"People with strong relationships are less likely to be susceptible to the negative impacts of social median," the board chair said.

RSU 13 has been in the forefront of putting an emphasis on social emotional learning, he said.

Social and emotional learning is defined as the process through which people understand and manage motions, set and achieve positive goals, feel and show empathy for others, establish and maintain positive relationships, and make responsible decisions.

The district is working toward that direction, he said, by creating different academies at the high school where student can focus on a particular academic track.

Oceanside High School's freshmen academy is highlighted on the Maine Department of Education's web site.

"At Oceanside High School in Rockland, a system has been established that supports students to build a foundation of success as they enter High School and then encourages them to challenge themselves and focus their education on individual passions," the administrators stated in their article.

The system has been in place for three years. Oceanside’s Freshman Academy consists of the freshmen grade-level core subject teachers, the social worker, the student support coordinator, administration, and guidance.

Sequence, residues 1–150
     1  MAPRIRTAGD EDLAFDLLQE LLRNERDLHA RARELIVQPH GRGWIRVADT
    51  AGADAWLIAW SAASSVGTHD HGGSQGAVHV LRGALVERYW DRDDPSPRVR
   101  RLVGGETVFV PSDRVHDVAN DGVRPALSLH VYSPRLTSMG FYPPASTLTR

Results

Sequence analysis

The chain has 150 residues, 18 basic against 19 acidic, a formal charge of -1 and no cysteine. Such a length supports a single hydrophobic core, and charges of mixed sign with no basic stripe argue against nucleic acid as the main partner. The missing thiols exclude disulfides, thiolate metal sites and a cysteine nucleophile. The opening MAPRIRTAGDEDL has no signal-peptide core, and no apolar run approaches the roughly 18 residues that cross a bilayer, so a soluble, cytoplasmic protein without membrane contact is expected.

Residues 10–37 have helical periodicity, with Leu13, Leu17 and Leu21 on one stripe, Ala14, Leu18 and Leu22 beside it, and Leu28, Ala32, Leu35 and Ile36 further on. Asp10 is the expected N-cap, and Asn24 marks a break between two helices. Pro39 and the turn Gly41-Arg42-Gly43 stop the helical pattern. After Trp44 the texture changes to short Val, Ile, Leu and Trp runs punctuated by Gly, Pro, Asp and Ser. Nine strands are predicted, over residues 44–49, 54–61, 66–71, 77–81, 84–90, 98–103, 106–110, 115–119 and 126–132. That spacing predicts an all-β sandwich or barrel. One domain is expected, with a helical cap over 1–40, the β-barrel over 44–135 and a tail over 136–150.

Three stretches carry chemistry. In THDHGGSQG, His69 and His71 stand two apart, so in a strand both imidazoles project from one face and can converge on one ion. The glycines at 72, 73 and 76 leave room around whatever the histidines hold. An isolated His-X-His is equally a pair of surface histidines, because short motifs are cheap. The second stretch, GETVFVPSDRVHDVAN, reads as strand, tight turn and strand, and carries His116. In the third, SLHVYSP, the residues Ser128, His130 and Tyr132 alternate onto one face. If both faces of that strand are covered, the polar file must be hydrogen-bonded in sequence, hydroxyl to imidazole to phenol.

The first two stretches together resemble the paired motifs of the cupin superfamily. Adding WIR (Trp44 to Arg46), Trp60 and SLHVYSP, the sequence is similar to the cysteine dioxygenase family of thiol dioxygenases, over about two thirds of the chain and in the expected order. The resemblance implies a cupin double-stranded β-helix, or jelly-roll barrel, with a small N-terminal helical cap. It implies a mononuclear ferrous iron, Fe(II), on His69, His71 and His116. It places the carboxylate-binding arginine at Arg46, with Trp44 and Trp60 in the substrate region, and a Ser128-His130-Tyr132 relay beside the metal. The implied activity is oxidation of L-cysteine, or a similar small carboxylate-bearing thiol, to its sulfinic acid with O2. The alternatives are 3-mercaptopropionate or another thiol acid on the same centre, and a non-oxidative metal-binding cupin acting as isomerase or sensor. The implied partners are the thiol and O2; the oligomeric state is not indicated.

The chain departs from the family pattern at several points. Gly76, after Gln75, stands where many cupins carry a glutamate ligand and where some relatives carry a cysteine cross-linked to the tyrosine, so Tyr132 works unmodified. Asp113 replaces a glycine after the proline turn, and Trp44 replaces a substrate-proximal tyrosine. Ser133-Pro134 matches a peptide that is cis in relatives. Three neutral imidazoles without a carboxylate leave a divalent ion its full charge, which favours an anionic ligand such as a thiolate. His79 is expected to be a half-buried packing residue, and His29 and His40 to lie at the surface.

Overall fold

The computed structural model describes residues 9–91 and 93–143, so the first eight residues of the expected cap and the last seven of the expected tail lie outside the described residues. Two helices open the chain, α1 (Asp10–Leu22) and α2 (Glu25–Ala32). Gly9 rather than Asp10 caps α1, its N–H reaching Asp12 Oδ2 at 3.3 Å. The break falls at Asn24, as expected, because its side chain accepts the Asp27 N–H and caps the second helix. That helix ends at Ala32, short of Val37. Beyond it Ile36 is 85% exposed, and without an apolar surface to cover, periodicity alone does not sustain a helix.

"Over the course of a few weeks, they discuss every single freshman student, tracking their grades, peer interactions, attendance, behavior referrals, and social-emotional strengths and challenges on a comprehensive spreadsheet.  This not only allows everyone to be on the same page about kids, but it builds close relationships between teachers and all of their students. They are able to see 'the whole student' through the picture painted at the Freshman Academy level," the article states.

“No students fall through the cracks,” an unnamed Oceanside High School administrator states in the education article.

Comments (11)
Posted by: Dale Hayward | Nov 16, 2019 21:29

Stephen Carroll: According to Janice there is no computer lab at the high school? Who would have thought? But, if every student is given an I-pad what else do they need to be successful? Like you said if they taught cursive writing that would be an accomplishment for a life time. Are we going to be able to afford to keep every student up to date with the latest computer toys in the future, somewhere along the line they will lose the social skill of talking to each other and text even their parents. We have come a long way baby and don't you ever forget it. Progress is our most important product.

 



Posted by: Dale Hayward | Nov 16, 2019 21:22

Barry Morse: Very few.  Because they are ALL too STRESSED out with their own problems to even comprehend that there is a problem, I predict.